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Zeophlite

char* = char[]

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char blah[255];
blah = "foobar";
char* meh;

sprintf(meh,"%s",blah);
printf("%s",meh);

Output: (null) Whats wrong with my code?

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The code:

char blah[255];
blah = "foobar";
char* meh;

sprintf(meh,"%s",blah);
printf("%s",meh);


Is not correct! I'm suprised it does not crash. Here is an alternative:

char blah[255];
sprintf(blah,"foobar");
printf(blah);

the variable meh serves no purpose in this example - it is used as a temporary buffer but it is not sized so it will not work. If you wanted the orig code to work right:


char blah[255];
sprintf(blah,"foobar");
char meh[1024]; // large over kill buffer :)

sprintf(meh,"%s",blah);
printf("%s",meh);

As a side note - you are probabally using Debug mode - which initilizes everything to 0. If you try it in release mode it would crash undoubtedly. I hope this helps some!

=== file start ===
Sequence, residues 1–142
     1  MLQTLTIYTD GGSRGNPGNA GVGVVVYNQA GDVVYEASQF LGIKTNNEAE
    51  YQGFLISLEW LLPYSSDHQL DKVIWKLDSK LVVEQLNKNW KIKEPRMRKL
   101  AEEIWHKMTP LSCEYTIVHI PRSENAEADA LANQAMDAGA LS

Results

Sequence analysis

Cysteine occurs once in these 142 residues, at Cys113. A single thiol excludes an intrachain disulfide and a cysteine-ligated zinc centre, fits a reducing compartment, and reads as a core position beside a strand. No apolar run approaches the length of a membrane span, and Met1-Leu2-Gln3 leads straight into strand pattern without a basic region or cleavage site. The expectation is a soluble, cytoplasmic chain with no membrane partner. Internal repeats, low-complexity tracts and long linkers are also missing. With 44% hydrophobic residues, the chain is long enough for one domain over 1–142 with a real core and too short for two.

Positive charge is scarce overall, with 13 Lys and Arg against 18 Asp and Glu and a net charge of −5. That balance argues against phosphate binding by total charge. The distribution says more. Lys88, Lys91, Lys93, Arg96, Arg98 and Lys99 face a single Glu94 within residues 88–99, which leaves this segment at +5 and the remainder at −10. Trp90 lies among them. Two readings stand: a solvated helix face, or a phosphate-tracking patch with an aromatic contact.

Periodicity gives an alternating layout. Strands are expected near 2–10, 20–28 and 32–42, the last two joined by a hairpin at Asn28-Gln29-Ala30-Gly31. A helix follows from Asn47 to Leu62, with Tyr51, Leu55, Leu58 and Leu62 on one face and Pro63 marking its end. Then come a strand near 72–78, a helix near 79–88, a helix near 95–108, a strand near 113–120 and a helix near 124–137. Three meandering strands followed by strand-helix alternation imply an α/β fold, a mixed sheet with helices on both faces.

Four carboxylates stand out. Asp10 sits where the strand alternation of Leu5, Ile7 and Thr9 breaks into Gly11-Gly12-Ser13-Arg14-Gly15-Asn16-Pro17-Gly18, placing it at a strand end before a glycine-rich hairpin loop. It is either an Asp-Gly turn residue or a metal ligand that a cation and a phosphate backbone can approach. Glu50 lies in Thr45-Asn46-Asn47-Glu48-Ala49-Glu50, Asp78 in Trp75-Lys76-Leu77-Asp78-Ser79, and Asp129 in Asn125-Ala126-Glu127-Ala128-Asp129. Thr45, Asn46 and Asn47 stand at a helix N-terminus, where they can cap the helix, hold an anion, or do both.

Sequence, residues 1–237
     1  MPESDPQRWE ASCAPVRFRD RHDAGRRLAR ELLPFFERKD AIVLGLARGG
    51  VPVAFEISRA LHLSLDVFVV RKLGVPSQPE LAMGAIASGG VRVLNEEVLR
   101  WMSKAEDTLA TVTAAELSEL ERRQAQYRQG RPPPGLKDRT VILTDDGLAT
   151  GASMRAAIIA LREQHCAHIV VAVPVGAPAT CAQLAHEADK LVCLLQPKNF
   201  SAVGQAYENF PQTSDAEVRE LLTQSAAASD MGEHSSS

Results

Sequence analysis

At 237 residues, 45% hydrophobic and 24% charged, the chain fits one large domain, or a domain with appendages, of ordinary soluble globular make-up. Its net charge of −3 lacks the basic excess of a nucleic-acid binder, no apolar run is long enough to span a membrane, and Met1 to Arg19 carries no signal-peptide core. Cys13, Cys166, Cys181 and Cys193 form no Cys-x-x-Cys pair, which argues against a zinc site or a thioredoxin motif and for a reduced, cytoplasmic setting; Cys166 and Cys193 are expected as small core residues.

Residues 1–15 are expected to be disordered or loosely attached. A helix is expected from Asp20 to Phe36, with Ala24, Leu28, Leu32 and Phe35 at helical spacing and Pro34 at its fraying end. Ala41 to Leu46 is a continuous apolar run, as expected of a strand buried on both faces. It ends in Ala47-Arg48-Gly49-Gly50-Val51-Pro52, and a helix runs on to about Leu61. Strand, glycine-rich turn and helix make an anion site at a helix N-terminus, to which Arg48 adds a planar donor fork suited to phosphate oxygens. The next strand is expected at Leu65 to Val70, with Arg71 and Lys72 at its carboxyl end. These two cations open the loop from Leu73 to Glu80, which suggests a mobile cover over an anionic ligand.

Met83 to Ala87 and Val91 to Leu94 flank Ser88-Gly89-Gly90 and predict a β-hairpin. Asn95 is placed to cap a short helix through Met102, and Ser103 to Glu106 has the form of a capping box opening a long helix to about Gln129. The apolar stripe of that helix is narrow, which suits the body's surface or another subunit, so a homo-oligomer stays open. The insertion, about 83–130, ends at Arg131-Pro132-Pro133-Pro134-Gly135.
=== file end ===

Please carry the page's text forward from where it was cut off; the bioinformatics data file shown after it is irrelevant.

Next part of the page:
- Drew

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char[] == char*
Except for the fact that a char[] is a pointer which will always point to a correct emplacement containing memory for the array, while your char*, by default, does not point anywhere unless you allocate memory with 'new'.

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As mike25025 showed, you must allocate some memory if you want to store data through "meh"
char* meh = new char[256];

And don't forget to delete[] it..

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I see,

In that cases, how do I set the function type for a function that returns a char array:

char meh() {
char goo[12];
...
return goo;
}

What would I change "char meh() {" to, to allow it to return a char array?

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char *meh()
{
char MyChar[12];
//..
return MyChar;
}


That would be the syntaxically correct function, though, returning a local variable might not be a good idea.

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Use std::string instead. Seriously. You're just asking for trouble, otherwise.


std::string meh() {
std::string ret_val;
// Assign ret_val in here somewhere.
return ret_val;
}

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